It is no coincidence that in the year of Bajrangi Bhaijaan, Pakistan’s Diwali gift to India is the return of Geeta, a deaf-mute girl who has been stranded there for over a decade. In the 13 years since she was discovered, alone and in distress by Pakistan Rangers in Lahore, Geeta has been looked after by philanthropist Bilquis Edhi, who runs the Edhi Foundation. Now, thanks to the efforts of both the Indian and the Pakistani governments, the young girl has returned to her country– to be reunited with her family.
This is pretty much what happens in Bajrangi Bhaijaan too, although the nationalities of the protagonists are switched. In the movie it is a Pakistani girl who gets lost in India and the person who comes to her rescue is a large-hearted Indian, a Hanuman bhakt, played by Salman Khan.
Let’s contrast these gestures – the real life and the filmi – with what happened in Mumbai earlier this month. Pakistani ghazal maestro, Ghulam Ali, was to have performed in Mumbai on October 9 at a tribute concert for the late Jagjit Singh. The Shiv Sena, through its film wing the Chitrapat Sena, sent a letter to the organizers asking them to cancel the concert. The Sena’s argument was that it is unpatriotic to host Pakistani artistes since their compatriots are killing Indian soldiers at the border — that all cultural ties with the neighbouring country should be cut off. Under the threat of a “Shiv Sena-style protest” and all the violence and destruction it implies, the organizers caved in and cancelled the event.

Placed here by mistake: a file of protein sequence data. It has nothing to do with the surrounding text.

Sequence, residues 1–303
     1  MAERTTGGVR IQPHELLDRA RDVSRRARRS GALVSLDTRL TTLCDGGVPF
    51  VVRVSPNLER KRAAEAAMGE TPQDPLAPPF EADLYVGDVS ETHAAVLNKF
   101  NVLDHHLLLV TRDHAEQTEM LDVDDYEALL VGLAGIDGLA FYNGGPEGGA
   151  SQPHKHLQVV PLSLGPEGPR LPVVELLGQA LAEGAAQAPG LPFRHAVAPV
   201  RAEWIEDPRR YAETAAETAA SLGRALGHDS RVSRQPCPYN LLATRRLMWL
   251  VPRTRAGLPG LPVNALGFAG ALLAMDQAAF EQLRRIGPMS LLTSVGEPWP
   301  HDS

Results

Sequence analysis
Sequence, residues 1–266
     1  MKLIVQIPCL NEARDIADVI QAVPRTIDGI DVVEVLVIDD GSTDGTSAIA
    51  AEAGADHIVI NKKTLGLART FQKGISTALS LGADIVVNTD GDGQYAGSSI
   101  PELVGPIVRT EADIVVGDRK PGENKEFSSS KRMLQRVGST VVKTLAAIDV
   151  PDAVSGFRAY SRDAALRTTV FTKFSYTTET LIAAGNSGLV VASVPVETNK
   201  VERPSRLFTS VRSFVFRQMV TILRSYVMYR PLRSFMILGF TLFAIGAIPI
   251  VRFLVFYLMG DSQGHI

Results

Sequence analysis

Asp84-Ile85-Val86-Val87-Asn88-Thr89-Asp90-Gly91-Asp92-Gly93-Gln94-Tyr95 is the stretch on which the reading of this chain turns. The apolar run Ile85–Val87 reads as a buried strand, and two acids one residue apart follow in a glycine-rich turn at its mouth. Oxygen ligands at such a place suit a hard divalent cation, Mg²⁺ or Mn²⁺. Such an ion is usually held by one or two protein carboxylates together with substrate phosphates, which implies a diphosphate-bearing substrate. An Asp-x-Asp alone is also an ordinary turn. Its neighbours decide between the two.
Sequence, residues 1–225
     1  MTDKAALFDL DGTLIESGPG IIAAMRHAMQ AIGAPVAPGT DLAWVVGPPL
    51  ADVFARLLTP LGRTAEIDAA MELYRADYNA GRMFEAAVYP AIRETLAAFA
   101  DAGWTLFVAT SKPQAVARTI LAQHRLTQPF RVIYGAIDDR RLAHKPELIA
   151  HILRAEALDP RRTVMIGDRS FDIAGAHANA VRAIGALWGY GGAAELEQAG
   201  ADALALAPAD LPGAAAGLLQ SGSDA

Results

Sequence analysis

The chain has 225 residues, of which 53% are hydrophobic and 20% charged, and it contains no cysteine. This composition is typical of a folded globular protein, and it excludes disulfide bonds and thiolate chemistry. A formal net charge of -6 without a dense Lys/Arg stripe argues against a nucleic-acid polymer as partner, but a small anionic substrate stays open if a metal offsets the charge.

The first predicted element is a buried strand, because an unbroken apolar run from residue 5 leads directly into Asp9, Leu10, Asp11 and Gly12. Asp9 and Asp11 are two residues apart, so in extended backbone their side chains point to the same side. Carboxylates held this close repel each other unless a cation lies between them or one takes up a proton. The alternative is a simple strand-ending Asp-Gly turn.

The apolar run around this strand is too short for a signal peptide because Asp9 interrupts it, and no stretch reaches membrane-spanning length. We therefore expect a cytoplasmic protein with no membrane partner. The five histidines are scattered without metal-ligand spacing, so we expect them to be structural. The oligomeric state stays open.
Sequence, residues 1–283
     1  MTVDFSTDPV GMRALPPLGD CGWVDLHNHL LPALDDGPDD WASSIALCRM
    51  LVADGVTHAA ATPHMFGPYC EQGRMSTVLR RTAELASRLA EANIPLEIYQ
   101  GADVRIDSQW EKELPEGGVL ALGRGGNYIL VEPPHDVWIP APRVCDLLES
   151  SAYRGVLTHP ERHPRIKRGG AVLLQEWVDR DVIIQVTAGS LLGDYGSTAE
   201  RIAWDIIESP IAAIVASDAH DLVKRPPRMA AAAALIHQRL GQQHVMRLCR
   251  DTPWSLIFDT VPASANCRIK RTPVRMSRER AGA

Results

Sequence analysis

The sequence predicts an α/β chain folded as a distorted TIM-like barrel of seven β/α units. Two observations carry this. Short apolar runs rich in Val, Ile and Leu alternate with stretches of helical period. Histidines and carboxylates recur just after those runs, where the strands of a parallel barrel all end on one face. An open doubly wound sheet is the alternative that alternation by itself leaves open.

The Sena could have learned something from the lessons provided by Bajrangi Bhaijaan. There is a very good reason why Bajrangi Bhaijaan earned as much at the box office as it did and is a hit in Pakistan too – this is a movie that holds out hope and which tells us that Pakistan may be more like India than we had imagined. And moviegoers loved this gesture of hope.
Perhaps the Shiv Sena, and others who share its opinions, have forgotten to taken into account that India has changed. This is no longer the country that made the jingoistic, Pakistan-bashing Gadar: Ek Prem Katha such a hit – a movie in which Sunny Deol was on the war path whereas in Bajrangi, Salman Khan (normally cast in violent roles himself) seeks the path of peace. Gadar, incidentally, was released in 2001, just two years before Geeta got stranded in Pakistan.
Much water has passed under the bridge since then; now Bollywood, instead of expressing its patriotism through beating up Pakistanis, has evolved enough to suggest a more nuanced look at our neighbour. The year of Bajrangi Bhaijaan and #GeetaComesHome indicate that soft power can work and the two governments can have an equally mature approach to outstanding issues.
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